A local American restaurant (possibly a white-only restaurant) banning the entrance of dogs, Negroes, and Mexicans. Source: Library of Congress

Mexicans immigrated to America after Mexico and the United States had formed the bracero–a labor program in which Mexicans were encouraged to move to the U.S. as contract workers. The braceros were desperate for jobs and kept them despite being paid very low wages, and often worked under inhumane conditions that other ethnicities, especially whites, would be unwilling to accept. Mexicans were treated so poorly in the United States that at one point, the Mexican government refused to send any more workers to the country.

Much like other non-white and non-black ethnicities, Mexican communities were also given separate schools for their children. These schools were much more inferior and alienated than other races’ schools (example: Chinese Schools); so much so that they filed many cases to the Supreme Court, claiming that their rights were being challenged.

Discrimination amongst Hispanics and Latinos, revoltingly enough, were based on how light or dark their complexions were. Lighter skin Latinos and Hispanics, since they could pass as white, experienced no discrimination at all unless they tell them what their last names were. Even if they did, they would change their last names to “white” last names. For example, one woman would change her last name “Purcell” to “Purcella” or from “Juan” to “John.”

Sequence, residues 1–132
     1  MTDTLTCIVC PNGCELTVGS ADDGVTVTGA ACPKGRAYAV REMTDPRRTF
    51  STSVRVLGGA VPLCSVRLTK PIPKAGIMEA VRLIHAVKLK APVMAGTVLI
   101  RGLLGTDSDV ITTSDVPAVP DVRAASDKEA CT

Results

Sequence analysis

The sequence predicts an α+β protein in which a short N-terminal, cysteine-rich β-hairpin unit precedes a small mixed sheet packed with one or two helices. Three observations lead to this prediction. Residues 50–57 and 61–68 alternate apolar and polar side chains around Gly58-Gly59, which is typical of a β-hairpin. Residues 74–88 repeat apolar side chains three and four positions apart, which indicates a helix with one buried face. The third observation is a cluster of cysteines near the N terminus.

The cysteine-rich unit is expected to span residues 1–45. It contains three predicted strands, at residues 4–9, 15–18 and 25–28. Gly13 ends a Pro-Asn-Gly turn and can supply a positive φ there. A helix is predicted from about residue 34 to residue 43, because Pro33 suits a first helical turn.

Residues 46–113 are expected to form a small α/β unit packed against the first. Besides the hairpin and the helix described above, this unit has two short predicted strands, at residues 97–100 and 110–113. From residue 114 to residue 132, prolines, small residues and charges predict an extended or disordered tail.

American Baseball teams set a conspicuous example of this malpractice. Sports teams during the Jim Crow Era were, unsurprisingly, also segregated to White Leagues and Negro Leagues. There were no separate leagues for Latinos and other ethnicities, therefore, they were ‘smuggled’ into the two existing leagues depending on their complexion. Light-skinned Cuban baseball player Adolfo Luque played for the Cincinnati Reds for example, while dark-skinned Cuban baseball player Martin Dihigo played for the Negro Leagues.

The Jim Crow Era in America was, undoubtedly, the worst times for blacks as they were treated inhumanely and were killed simply because they were of darker complexion. It is appreciated that history textbooks were formatted to highlight both their sufferings and excellence in that time era of peak racism, but most often they forget to talk about other ethnicities and how they were treated–whether they were just as alienated as black people or not.

Their stories are unsung and they need to be told in order for this generation, and generations to follow, to understand the conditions of International Relations between America and other countries.

It seems as if their stories are forgotten and are completely omitted from America’s history by the way they were documented. Lest we forget the way other minorities were treated in history to learn why we shouldn’t do it in the present and to avoid it in the future.

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Charlize Alcaraz

Charlize is a Canadian high school sophomore who hails from the Philippines and takes interest in both Canadian and Philippine politics, as well as American Civics.

Charlize Alcaraz

Charlize is a Canadian high school sophomore who hails from the Philippines and takes interest in both Canadian and Philippine politics, as well as American Civics.